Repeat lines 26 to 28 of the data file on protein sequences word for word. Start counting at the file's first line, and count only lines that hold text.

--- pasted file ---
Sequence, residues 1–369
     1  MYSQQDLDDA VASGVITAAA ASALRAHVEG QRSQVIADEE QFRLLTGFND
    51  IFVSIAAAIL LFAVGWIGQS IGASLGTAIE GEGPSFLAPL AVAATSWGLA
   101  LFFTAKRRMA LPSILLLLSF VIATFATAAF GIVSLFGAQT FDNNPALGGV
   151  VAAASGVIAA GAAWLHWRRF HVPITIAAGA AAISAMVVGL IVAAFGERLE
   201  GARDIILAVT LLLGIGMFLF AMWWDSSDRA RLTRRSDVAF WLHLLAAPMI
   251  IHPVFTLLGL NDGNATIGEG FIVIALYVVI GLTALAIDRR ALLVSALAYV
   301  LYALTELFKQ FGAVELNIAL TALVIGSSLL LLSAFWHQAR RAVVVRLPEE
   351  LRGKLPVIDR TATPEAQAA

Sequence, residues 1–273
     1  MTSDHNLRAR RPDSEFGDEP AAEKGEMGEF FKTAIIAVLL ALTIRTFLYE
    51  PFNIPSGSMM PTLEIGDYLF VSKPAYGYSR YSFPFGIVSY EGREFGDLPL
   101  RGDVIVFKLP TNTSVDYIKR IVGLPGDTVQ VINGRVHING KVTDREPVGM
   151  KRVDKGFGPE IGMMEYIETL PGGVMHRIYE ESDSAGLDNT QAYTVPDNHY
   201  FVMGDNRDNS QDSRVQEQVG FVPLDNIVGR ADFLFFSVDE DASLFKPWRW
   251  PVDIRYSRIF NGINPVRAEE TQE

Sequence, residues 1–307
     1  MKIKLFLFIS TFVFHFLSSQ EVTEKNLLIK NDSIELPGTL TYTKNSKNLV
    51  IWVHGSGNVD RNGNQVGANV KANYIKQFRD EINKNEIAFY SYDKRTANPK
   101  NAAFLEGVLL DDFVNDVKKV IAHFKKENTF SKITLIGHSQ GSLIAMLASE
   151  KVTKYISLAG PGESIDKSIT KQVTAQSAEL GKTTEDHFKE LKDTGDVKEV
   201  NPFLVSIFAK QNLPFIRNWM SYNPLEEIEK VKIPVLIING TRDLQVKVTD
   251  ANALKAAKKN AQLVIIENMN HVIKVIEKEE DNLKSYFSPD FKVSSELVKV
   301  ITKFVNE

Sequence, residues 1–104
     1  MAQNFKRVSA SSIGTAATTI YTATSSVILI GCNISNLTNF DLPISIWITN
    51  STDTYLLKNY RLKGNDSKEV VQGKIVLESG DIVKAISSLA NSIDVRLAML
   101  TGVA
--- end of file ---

     1  MAQNFKRVSA SSIGTAATTI YTATSSVILI GCNISNLTNF DLPISIWITN
    51  STDTYLLKNY RLKGNDSKEV VQGKIVLESG DIVKAISSLA NSIDVRLAML
   101  TGVA